It has paid out more than €30bn in fines, compensation and buyback schemes worldwide since the scandal first broke in 2015.
VW disclosed at the time that it had used illegal software to manipulate the results of diesel emissions tests.
The company said that about 11 million cars were fitted with the “defeat device”, which alerted diesel engines when they were being tested. The engine would then change its performance in order to improve the result of the test.
Volkswagen has faced a flurry of legal action worldwide, including the UK.
About 90,000 motorists in England and Wales have brought action against VW as well as Audi, Seat and Skoda, which are also owned by Volkswagen Group.
Germany’s top civil court has ruled against Volkswagen in the first case brought by a car owner against the automaker for emissions test cheating. The ruling sets a precedent for thousands more cases.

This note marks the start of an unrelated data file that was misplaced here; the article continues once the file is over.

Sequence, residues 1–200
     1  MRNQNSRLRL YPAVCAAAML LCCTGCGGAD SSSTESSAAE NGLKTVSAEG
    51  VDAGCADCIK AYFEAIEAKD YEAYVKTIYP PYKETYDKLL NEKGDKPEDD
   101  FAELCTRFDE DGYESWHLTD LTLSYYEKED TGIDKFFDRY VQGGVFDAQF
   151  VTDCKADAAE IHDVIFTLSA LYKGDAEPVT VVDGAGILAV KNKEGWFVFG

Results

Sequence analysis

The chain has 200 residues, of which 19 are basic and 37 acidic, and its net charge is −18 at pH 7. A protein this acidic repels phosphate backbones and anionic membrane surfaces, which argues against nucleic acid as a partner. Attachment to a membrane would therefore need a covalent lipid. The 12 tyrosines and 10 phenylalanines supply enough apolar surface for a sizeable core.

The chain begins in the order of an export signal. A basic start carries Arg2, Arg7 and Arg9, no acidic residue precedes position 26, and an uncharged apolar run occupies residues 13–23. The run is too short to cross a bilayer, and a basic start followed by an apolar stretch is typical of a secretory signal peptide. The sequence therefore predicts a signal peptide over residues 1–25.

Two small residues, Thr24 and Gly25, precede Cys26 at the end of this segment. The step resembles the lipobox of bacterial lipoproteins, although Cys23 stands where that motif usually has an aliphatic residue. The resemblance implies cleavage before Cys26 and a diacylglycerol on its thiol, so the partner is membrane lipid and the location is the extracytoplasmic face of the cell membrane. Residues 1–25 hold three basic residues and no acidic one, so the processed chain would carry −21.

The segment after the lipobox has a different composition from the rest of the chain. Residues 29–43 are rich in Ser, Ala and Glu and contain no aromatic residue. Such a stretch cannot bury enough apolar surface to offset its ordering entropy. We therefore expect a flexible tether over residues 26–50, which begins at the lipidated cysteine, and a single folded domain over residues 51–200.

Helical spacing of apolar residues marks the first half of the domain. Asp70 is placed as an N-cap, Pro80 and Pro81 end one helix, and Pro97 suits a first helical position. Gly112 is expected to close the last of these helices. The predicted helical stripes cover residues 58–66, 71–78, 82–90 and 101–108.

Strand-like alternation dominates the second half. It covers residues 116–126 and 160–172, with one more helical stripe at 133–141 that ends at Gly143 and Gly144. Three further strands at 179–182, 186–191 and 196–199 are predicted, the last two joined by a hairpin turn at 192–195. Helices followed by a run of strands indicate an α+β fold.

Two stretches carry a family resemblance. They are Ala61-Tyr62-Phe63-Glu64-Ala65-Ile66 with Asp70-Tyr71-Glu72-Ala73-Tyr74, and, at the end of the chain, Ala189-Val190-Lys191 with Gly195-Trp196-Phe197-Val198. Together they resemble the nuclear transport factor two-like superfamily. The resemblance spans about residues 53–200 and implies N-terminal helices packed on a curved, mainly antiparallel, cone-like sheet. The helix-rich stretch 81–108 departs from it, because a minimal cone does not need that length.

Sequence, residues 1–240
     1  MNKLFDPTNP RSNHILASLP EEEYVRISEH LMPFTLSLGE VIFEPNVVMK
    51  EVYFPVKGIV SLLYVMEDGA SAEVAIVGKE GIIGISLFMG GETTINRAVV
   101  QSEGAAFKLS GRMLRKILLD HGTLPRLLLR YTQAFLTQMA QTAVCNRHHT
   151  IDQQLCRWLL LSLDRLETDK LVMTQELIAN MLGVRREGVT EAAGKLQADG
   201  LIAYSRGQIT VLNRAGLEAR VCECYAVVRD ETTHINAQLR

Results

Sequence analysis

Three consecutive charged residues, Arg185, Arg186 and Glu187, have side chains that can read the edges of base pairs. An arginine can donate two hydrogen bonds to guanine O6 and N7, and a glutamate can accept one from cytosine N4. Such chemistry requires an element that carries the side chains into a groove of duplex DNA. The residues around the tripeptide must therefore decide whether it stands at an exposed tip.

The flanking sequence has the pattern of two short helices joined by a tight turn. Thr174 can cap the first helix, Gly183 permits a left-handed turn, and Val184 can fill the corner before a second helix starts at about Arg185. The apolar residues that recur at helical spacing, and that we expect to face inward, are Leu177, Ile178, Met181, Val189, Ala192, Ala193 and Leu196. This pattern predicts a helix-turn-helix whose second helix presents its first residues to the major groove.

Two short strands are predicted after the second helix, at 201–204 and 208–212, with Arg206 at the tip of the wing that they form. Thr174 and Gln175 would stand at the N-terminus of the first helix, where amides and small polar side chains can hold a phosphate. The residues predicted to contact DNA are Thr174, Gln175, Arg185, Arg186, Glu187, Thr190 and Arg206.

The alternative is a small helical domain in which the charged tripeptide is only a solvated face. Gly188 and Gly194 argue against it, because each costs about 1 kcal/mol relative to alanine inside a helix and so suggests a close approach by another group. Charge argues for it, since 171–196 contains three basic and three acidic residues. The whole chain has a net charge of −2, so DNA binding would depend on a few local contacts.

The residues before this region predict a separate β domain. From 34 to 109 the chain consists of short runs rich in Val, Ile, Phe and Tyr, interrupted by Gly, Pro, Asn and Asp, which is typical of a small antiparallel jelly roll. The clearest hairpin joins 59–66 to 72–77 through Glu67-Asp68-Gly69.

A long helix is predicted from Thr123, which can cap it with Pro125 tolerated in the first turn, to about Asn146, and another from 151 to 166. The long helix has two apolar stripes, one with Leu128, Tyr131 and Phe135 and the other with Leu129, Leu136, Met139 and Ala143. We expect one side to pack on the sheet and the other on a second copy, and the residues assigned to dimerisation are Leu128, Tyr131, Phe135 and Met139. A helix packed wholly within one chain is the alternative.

The Federal Court of Justice on Monday ruled against German automaker Volkswagen in the country’s first case brought by a car owner over the company’s emissions test cheating.
The court said that people who had purchased an VW automobile equipped with software that manipulated emissions tests are entitled to financial compensation. They can return the vehicle and receive partial financial reimbursement from the automaker.
The car’s mileage will be taken into account when calculating reimbursement, the court said.